Jason Allardyce writes in an article in the Sunday Times about airships, electric planes and flight rationing among low-carbon aviation alternatives mooted by an Scots academic. Do you think this is a viable possibility?
Scots researcher says zeppelins may be stairway to green travel
Airships, once associated with the golden age of luxury transport, could play a role in allowing people to travel the world without destroying it, according to leading academics.
More than 80 years after the Hindenburg disaster in 1937 — when what was then the world’s largest aircraft exploded while attempting to dock in New Jersey killing 36 people — there is interest in a return to the “hotel in the sky” using safer, greener fuel.
Other ideas drawing support within academia in Scotland and elsewhere are electric planes and even a futuristic orbital ring, with the potential to transport people across the world in under an hour.
With aviation accounting for up to 3% of annual carbon dioxide emissions, Glasgow Caledonian University researcher Keith Baker believes airships could prove a useful low-carbon alternative to burning vast amounts of fossil fuels.
The balloons of most modern airships are filled with helium rather than the explosive hydrogen used in the Hindenburg. Writing jointly in academic news website The Conversation with John Grant of Sheffield Hallam University, Baker points out that the concentrated helium is lighter than air and divided into gas sacks, so if any individual sacks are breached, the ships can stay aloft while propellers powered by flexible solar panels help with navigation.
Although there is a looming global shortage of helium, he said advances made since the Hindenburg now allow airships to fly on cylinders packed with hydrogen jet fuel, which is cheaper, lighter, and relatively abundant.
“Using hydrogen for fuel has become a lot safer since the 1930s, so much so that it’s now being considered for use in the home,” they said. “Unlike jet aircraft, once airships are aloft they don’t need lots of energy to keep them there. At that point, the energy costs become comparable with rail travel.”
They added: “Airships won’t get passengers to their destinations very fast — the Hindenburg set the current record for a transatlantic crossing at just under 44 hours — but they do allow time to enjoy stunning vistas.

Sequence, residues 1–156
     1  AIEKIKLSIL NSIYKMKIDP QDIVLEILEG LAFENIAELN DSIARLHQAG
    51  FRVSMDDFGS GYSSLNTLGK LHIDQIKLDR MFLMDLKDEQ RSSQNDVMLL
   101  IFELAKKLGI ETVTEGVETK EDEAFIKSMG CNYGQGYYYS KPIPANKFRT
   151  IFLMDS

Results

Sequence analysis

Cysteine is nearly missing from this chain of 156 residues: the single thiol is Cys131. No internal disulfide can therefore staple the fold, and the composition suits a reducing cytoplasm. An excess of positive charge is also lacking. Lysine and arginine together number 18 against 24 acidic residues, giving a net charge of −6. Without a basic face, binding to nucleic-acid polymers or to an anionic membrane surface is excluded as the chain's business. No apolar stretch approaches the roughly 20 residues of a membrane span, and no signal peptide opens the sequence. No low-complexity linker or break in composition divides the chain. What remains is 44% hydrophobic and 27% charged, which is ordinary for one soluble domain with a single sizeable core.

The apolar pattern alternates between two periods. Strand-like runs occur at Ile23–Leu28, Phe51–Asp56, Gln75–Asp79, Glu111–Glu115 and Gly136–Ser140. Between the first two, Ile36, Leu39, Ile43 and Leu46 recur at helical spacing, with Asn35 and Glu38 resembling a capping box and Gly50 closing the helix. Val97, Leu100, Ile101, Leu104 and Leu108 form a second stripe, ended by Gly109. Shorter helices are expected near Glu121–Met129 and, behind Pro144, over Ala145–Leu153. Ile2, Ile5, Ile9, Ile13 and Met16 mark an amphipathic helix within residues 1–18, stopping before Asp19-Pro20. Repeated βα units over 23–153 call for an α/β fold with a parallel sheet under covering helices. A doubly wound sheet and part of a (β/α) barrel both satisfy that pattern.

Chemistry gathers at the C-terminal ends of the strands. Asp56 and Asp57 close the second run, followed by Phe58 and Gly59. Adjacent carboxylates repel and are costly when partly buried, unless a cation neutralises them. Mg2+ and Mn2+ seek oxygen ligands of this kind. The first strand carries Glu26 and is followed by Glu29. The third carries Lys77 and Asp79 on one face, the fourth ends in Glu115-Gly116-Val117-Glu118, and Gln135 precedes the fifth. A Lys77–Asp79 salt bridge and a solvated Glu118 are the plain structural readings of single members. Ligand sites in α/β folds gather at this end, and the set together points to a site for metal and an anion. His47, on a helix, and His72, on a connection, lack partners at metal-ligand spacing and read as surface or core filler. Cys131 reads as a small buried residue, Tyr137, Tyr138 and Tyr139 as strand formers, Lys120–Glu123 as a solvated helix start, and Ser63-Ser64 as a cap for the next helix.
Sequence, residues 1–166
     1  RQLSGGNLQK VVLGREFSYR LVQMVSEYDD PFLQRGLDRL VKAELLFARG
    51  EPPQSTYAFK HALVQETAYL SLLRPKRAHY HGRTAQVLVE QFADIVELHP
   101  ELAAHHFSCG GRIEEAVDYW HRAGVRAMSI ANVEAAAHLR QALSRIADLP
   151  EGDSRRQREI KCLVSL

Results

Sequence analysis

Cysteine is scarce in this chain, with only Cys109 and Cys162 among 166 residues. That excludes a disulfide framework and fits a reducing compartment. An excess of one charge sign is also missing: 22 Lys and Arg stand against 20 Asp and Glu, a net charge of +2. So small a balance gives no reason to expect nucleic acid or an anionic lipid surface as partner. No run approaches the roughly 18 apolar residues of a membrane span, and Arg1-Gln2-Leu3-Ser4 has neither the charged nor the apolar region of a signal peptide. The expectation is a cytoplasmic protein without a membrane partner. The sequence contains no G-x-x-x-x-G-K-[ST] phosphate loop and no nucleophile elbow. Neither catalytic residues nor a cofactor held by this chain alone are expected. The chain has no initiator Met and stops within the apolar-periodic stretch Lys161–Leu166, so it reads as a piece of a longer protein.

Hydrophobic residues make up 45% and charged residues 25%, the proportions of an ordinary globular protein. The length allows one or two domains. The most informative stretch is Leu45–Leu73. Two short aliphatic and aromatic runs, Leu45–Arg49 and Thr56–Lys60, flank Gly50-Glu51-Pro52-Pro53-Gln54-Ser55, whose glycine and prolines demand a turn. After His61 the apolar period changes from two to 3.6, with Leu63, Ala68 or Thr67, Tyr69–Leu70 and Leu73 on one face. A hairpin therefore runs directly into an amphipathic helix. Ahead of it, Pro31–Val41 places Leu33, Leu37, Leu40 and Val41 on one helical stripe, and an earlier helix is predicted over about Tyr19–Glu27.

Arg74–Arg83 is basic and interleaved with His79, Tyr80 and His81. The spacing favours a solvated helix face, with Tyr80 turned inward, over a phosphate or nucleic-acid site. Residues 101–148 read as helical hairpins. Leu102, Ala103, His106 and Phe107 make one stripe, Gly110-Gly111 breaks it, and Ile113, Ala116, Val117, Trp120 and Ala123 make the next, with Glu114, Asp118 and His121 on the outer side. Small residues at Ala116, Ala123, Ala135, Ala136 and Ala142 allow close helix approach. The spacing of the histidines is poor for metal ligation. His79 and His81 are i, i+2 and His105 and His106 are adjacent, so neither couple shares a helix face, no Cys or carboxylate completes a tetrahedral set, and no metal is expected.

“Think of them instead as air cruises. In the romantic era of early commercial flight, airships were expected to become flying hotels that could accommodate dining rooms and ballroom dances.”
Baker, a research associate in sustainable urban environments at the university, told The Sunday Times he believes that because airships can land anywhere, with no need for any road infrastructure, they could also form part of a more sustainable tourism industry.
He also believes air miles, which incentivise people to fly more, should be cancelled, and suggests regulation and subsidy may be required to reverse the situation in which flying is often cheaper than travelling by train, although the latter is more environmentally friendly.
He added that train travel could become greener still using solar power and he believes there could be a good case for extending the underground rail network in Glasgow to offer greener, congestion- free travel to more people.
Another option is rationing flights, with travellers only allowed to fly 500km in one year and able to “bank” any leftover annual allocation for other years. An alternative is to introduce an extra tax on flights, with the proceeds used to make rail travel more affordable.
Earlier this year, the world’s first all-electric commercial airliner was unveiled in Paris. It is due to enter service in 2022, and Baker believes that improvements to batteries, and scope to power these by renewable energy, means zero-carbon electric flights may be feasible in future.
Perhaps the most audacious idea of all is the orbital ring suggested by Grant of Sheffield Hallam University’s natural and built environment department. A ring of steel cable would surround Earth 80km above its surface. Connected to the ground by steel cables, which would also host passenger lifts, the ring could support two Maglev train tracks which would use magnets to propel trains without friction at great speeds. The combined forces of gravity and velocity would hold the ring in place, allowing passengers to reach the other side of the world in as little as 45 minutes.
While they admit some of the options may sound unrealistic, they argue that our current course of expanding carbon-intensive air travel is “unrealistic for avoiding catastrophic climate change” and that bold ideas and radical action are required.